Packing, revisited

5.02.2014

A few months back, I resolved to pack light this summer, to bring only the essentials and leave the rest. I made a list and I checked it twice, and now with Europe just seven days away, I'm feeling good about what I'm packing.

I'm hoping to do a bit of videoblogging while overseas, so I thought I'd try making a (semi-)short video of what I'll be carrying. Apologies for the poor quality; my phone was having trouble focusing (and picked up this strange whistling).



Or, for the more data-minded, here's the rundown:
  1. Water bottle (3 pints, full): 3.75 lbs
  2. Backpack (North Face Surge II): 3 lbs
  3. DSLR camera (Nikon D7000), 2.8 lbs
  4. Tent (Big Agnes UL1), 2.2 lbs
  5. Tablet (Asus Slider), 2.2 lbs
  6. Clothing (t-shirt, sweater, sweatshirt, running shorts, underwear, zip-off pant legs), 2.0 lbs
  7. Sleeping bag (Katabatic Alsek 22), 1.5 lbs
  8. Electronic accessories (European adapter, camera battery, camera charger, tablet cord, USB cord, USB brick, buzzer charger), 1.0 lbs
  9. Toiletries (washcloth, deodorant, buzzer, toothpaste, toothbrush, moisturizer, contacts): 0.8 lbs
  10. Kindle Paperwhite (with case and 250+ books), 0.8 lbs
  11. Papers (passport, rail pass, rail map, notebook), 0.2 lbs
On my body, I'll also be carrying a pair of TOMS, the top half of the aforementioned zip-off pants, underwear, a t-shirt, a hat, a phone, a pair of headphones, cash, and credit cards.

The total weight of the pack (with a full water bottle) is 20.25 pounds (17 pounds with an empty water bottle), at least until I decide certain items aren't carrying their weight. But before that time comes, thoughts on the packlist to date?

6 comments:

  1. Sounds solid, and it makes sense to do the analysis by weight since that's what you're going to be feeling more than anything at the end of the day. Do you think your shoes will last the whole trip with the amount of walking you're anticipating?

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    1. I read Blake Mycoskie's (the founder of TOMS) "Start Something that Matters" a few years back and he claims that in testing his prototypes, he literally dragged his feet along the streets of Brazil for weeks and weeks. He claims they're durable, and having owned a few pairs in my lifetime, I'd say he's probably right. That said, guess we'll find out! :)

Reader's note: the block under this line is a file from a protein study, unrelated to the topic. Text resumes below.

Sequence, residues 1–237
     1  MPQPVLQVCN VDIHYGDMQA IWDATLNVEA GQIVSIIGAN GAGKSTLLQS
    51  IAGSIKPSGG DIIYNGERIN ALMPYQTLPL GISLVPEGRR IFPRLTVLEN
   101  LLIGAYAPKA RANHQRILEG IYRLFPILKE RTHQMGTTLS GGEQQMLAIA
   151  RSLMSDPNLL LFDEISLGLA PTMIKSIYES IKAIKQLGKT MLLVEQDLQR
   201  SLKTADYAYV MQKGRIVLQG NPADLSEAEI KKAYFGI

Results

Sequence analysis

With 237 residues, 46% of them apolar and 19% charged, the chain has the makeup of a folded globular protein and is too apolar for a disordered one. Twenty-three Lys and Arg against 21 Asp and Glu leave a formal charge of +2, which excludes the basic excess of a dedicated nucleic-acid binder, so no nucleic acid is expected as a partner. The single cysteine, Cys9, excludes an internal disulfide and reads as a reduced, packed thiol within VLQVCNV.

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  2. Might be a little late to comment, but one thing that might be missing is a pumice stone. You might be ok if you’re going to be wearing shoes, but on a long trek I had around Europe and West Africa all I brought was a pair of Chacos. Within the first few weeks my heels started to get hard and cracked – the concern was having an opening on my feet and picking up an infection. The pumice stone helped to stop the hardening and any open cracks on my feet. It was a very simple lifesaver.

    Why a sweater and a sweatshirt? Also do you have a lightweight water-proof/resistant jacket? Something to think about instead of two t-shirts, a sweatshirt, and a sweater is possibly two long sleeve button down shirts, a light fleece zip-up, and a light rain jacket. The long sleeves and collar on the shirts you can roll up and down to adjust for weather and sun protection without making yourself too hot. A light rain jacket might be able to provide you with more warmth and be lighter than a sweater (they often don’t breathe too much so that traps in warmth - possibly at a better heat to weight ratio), plus a lightweight jacket offers a hood and some wind and rain protection. Last note, underwear…? Seems a little excessive.

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    1. Great tips! Alas, didn't get them until after I left, but fortunately shopping in Europe isn't a problem. A pumice stone is something good to keep in mind ... not sure I'll need it as my feet are used to running barefoot (and I'll be wearing shoes most of the time), but I'll definitely pick one up if I see it being a probem.

      I did a little clothing switch-up when I got here and now have a tanktop (for running, sweating, etc.), t-shirt, and collared shirt (taking your advice), and then still the sweatshirt and cardigan. I know the two seem silly, but I've realized they actually layer really well together; rather than just have a coat for one temperature, I can throw the caridgan on for low 60s and the sweatshirt over that for low 50s. Plus, the sweaters are both really light but warm.

      Ah, and yes, I'm now up to three pairs of underwear and a pair of running shorts, which seems to do the trick as I'm in a hostel most nights anyway and can wash 'em pretty quickly. :)

      Thanks for all the great advice!

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  3. This is a great run down of what you packed for 3 months in Europe. A great reminder that we can all survive on less. If you're so inclined, it would be great to see a follow-up entry reflecting on your minimalistic packing plan. What worked, what didn't? (Did the TOMS last?) What did you wish you packed/what did you pick up on the way? What do you wish you hadn't? Thanks!

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    1. Thanks for the reminder—I've been meaning to do this for a while but will definitely try to get to it this week. :)

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